Example: Confounding Bias - Night Lite

Lead Author(s): Jeff Martin, MD

Example of Confounding: Night Lite

Confounding can be found in Quinn's study of myopia and ambient lightning.

Quinn studied children, who were exposed to ambient night lightning before two years of age.

In the figure below you can see that according to this study these children, tested at 2 - 16 years age,


2x2 Table of Study Data

Looking at the data in our standard notation of a 2x2 table below we see a prevalence of 3.4. 0326_night2.JPG

Responses to Study

This study prompted responses from two other investigators: Zadnik and Gwiazda, who showed that was no association in their studies and attributed the original finding to confounding.

As seen in the figure below Zadnik and Gwiazda believed that the

These authors provided direct data that nearsightedness in parents is associated with the use of night lights,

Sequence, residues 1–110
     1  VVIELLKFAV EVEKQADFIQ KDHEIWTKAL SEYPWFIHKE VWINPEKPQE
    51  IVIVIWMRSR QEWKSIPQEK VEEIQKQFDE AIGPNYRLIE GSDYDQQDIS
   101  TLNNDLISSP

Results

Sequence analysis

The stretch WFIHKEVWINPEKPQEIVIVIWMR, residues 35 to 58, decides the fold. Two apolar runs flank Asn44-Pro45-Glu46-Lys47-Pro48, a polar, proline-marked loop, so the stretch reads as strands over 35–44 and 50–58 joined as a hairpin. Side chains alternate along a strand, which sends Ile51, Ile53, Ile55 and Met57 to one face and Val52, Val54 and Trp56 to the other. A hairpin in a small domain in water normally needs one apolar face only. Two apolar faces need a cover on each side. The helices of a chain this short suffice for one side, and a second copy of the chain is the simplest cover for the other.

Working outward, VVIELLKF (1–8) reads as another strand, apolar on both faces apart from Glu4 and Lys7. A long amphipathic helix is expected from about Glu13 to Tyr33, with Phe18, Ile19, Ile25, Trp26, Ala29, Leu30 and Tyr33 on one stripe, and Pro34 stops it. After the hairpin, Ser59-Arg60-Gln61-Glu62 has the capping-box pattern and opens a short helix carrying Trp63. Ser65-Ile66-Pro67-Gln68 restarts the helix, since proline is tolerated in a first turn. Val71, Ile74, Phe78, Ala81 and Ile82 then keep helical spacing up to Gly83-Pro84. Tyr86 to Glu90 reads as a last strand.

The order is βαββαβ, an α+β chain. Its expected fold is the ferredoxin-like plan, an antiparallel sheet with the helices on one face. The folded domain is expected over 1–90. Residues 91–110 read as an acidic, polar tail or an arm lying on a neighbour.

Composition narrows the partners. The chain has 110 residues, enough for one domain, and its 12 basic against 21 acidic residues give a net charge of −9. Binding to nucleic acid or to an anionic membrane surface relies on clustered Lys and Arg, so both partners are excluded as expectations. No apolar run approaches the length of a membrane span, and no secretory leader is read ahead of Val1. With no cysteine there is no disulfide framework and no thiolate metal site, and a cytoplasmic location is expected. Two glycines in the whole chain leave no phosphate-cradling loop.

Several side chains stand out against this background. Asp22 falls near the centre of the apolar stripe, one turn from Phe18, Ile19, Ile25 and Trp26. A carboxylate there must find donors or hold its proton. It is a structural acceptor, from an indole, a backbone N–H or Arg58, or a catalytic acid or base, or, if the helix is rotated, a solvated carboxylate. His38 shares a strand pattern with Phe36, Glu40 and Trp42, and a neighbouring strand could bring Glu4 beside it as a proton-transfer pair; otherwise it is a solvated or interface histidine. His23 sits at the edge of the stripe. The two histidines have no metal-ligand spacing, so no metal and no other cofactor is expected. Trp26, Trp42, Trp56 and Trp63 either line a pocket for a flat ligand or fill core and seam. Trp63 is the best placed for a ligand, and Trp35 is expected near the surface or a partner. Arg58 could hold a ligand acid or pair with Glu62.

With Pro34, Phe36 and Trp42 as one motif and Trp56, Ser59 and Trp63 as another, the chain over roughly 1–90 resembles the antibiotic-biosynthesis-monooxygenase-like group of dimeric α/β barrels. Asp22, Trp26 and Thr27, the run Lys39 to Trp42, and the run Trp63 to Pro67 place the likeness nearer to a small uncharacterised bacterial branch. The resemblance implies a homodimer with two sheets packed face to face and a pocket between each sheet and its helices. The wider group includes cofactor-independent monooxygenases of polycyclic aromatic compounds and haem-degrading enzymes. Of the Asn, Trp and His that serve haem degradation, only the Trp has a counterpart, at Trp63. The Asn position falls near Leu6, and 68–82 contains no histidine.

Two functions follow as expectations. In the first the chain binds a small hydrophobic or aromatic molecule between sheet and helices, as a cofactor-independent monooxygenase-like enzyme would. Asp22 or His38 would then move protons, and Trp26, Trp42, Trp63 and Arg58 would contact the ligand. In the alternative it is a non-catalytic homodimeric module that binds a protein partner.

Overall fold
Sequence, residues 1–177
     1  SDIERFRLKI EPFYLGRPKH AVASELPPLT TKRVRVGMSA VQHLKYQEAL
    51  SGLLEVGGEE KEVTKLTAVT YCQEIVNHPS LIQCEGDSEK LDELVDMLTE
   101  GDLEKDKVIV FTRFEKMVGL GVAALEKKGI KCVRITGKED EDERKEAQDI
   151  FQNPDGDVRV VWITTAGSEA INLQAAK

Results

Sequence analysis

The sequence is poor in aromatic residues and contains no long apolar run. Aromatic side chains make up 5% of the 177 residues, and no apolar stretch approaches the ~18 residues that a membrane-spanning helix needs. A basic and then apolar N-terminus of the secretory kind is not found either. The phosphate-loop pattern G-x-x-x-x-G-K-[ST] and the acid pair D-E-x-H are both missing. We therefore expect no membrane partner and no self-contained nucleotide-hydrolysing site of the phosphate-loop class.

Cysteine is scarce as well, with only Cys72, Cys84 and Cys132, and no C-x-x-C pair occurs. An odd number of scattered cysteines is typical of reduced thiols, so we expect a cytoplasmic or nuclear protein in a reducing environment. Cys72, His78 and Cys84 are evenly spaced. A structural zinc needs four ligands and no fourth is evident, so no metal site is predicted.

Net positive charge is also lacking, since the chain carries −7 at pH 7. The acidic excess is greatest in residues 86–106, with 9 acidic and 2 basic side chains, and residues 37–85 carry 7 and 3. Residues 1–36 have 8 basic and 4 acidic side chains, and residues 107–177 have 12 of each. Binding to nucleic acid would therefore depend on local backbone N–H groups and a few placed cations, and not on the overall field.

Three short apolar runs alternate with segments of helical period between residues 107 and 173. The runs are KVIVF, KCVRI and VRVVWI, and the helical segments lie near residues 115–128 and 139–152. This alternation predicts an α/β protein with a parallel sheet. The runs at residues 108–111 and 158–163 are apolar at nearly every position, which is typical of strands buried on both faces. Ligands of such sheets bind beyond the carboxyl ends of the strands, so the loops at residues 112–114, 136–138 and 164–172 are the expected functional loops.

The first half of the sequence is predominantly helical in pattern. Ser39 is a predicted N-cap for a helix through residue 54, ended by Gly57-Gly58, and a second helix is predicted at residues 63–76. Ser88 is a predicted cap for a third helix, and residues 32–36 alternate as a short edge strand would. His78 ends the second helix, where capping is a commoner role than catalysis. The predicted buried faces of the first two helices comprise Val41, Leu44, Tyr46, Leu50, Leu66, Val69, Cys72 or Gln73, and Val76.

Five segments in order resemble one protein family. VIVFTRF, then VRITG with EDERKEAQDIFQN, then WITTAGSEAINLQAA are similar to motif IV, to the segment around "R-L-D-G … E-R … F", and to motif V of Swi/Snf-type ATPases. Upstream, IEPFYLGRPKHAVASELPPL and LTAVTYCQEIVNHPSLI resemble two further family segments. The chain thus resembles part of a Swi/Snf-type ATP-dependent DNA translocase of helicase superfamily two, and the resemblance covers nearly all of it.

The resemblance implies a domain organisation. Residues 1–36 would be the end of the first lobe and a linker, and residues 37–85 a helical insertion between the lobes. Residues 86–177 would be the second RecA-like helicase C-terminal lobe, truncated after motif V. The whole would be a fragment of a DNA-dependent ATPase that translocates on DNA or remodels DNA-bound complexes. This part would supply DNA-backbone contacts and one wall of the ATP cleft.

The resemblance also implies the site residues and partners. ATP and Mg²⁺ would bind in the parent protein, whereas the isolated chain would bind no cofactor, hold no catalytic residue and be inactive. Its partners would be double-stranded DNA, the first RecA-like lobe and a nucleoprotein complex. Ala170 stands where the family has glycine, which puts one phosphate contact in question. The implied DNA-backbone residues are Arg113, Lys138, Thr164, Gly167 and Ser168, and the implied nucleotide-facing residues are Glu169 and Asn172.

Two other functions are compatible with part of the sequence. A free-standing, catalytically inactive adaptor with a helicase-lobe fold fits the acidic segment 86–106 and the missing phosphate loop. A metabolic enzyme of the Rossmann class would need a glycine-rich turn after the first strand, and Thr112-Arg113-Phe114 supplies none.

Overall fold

Confounder: Parents' Myopia

So, this is an example, where parenteral myopia confounds the relationship between night lights and child's myopia and there is no real direct, or what we call independent, association between use of night lights and child's myopia.


Gwiazda, J., Ong, E., Held, R., & Thorn, F. (2000). Myopia and ambient night-time lighting. Nature, 404(6774), 144

Quinn, G. E., Shin, C. H., Maguire, M. G., & Stone, R. A. (1999). Myopia and ambient lighting at night. Nature, 399(6732), 113-114.

Zadnik, K., Jones, L. A., Irvin, B. C., Kleinstein, R. N., Manny, R. E., Shin, J. A., et al. (2000). Myopia and ambient night-time lighting. CLEERE Study Group. Collaborative Longitudinal Evaluation of Ethnicity and Refractive Error. Nature, 404(6774), 143-144.